The “innovative use of social media and messaging” by the Islamic State of Iraq and the Levant (ISIL) “has played a key role in motivating young Western males and females to travel to the Syrian conflict to join and support the self-declared Islamic State” according to a joint intelligence bulletin released by the Department of Homeland Security and FBI last month. The 5-page bulletin titled “ISIL Social Media Messaging Resonating with Western Youth” was disseminated to law enforcement throughout the country at the end of February to report on the “continuing trend” of Western youth being inspired to travel to Syria and join ISIL forces. According to the bulletin, this trend is aided by the fact that “Western youth are willing to connect over social media with like-minded persons, and have proven adept at obfuscating such social media usage from their parents and guardians.”
ISIL’s “savvy media packaging” has helped it gain “widespread attention” among both male and female youth demographics, particularly those “who are already radicalized to violence.” The group’s “Western-focused messaging frequently features fluent English speakers, including Western youth, with whom audiences probably are able to relate” including “several videos featuring high-tech filming and editing” that likely intensifies the “appeal of these messaging efforts.” Their videos “often include dramatic shots and sound effects to further the viewer’s tension and interest” as well as “graphics and chronological layout” making them “more like documentary films.”
Moreover, ISIL’s resonance with “with female youths is unprecedented and has prompted a number to attempt to travel to Syria.” While “most females appear motivated to travel based on a desire to live in ISIL’s self-declared state” rather than participate in the conflict, the effectiveness of the group’s messaging demonstrates “ISIL’s broad appeal across demographic boundaries.” The joint intelligence bulletin cites a number of instances where Western youth have attempted to travel to Syria to join ISIL and states that “Western teenagers currently in Syria are known to have accessed violent extremist messaging for guidance on means and routes for traveling to Syria.” An article earlier this month in the British newspaper The Independent cited Helen Ball, the London Metropolitan Police Service Senior National Coordinator for Counterterrorism, as saying that at least sixty British women, including girls as young as fifteen, have traveled to Syria in the hopes of joining ISIL.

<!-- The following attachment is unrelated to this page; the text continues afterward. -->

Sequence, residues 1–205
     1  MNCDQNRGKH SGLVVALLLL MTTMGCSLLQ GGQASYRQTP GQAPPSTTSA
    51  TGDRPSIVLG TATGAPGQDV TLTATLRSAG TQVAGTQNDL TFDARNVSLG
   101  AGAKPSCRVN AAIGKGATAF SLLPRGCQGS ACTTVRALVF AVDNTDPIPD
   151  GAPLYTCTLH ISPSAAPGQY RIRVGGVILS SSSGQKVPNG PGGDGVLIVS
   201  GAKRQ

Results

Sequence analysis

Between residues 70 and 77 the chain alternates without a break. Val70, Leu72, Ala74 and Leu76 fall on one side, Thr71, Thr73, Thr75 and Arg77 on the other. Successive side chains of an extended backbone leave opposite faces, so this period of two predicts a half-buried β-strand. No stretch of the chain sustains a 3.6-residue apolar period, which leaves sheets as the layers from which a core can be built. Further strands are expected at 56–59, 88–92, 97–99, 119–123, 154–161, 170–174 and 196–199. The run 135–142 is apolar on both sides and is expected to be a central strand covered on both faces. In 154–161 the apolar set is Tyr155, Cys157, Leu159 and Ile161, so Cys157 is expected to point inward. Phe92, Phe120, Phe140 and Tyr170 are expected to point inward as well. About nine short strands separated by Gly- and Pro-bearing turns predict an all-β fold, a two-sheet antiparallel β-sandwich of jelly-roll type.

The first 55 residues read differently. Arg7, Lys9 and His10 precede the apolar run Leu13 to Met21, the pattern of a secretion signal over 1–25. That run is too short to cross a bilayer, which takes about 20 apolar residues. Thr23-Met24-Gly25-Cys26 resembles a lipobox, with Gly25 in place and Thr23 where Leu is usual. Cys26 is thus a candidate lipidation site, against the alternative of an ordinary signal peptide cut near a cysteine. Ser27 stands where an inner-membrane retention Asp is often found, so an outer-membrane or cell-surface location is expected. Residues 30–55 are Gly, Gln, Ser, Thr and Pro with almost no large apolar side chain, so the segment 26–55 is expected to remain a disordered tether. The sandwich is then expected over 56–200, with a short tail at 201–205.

A significant number of American youths have also attempted to “radicalize others to violence, establish contact with like-minded individuals, and travel to Syria to join the group.” The Wall Street Journal reported earlier this month that at least one-hundred and eighty Americans have traveled or attempted to travel to join ISIL in Syria. The Justice Department has prosecuted nearly thirty cases related to ISIL in the last eighteen months and the FBI claims to have ISIL-related investigations open in all fifty states.
Some of the cases do not involve direct attempts to travel to Syria, but rather efforts to help others join ISIL often using social media. One case cited in the joint intelligence bulletin involves a Virginia teenager who was arrested in February for encouraging others to join ISIL and even facilitating travel arrangements. The DHS-FBI bulletin states that “ISIL messaging likely influenced [the teenager] to create, produce, and disseminate violent extremist messaging via social media to radicalize other youth to violence” as well as “establish connectivity with violent extremists overseas, connect with like-minded aspirants, and distribute ISIL messaging to a network of friends and followers.” One of his associates reportedly was successful in traveling to Syria to join ISIL. An article in the Washington Post about the case states that the boy was viewed by community members who knew him as a quiet, though typical teenager. He was “taking Advanced Placement classes and listed some of his interests as civil rights and social action.”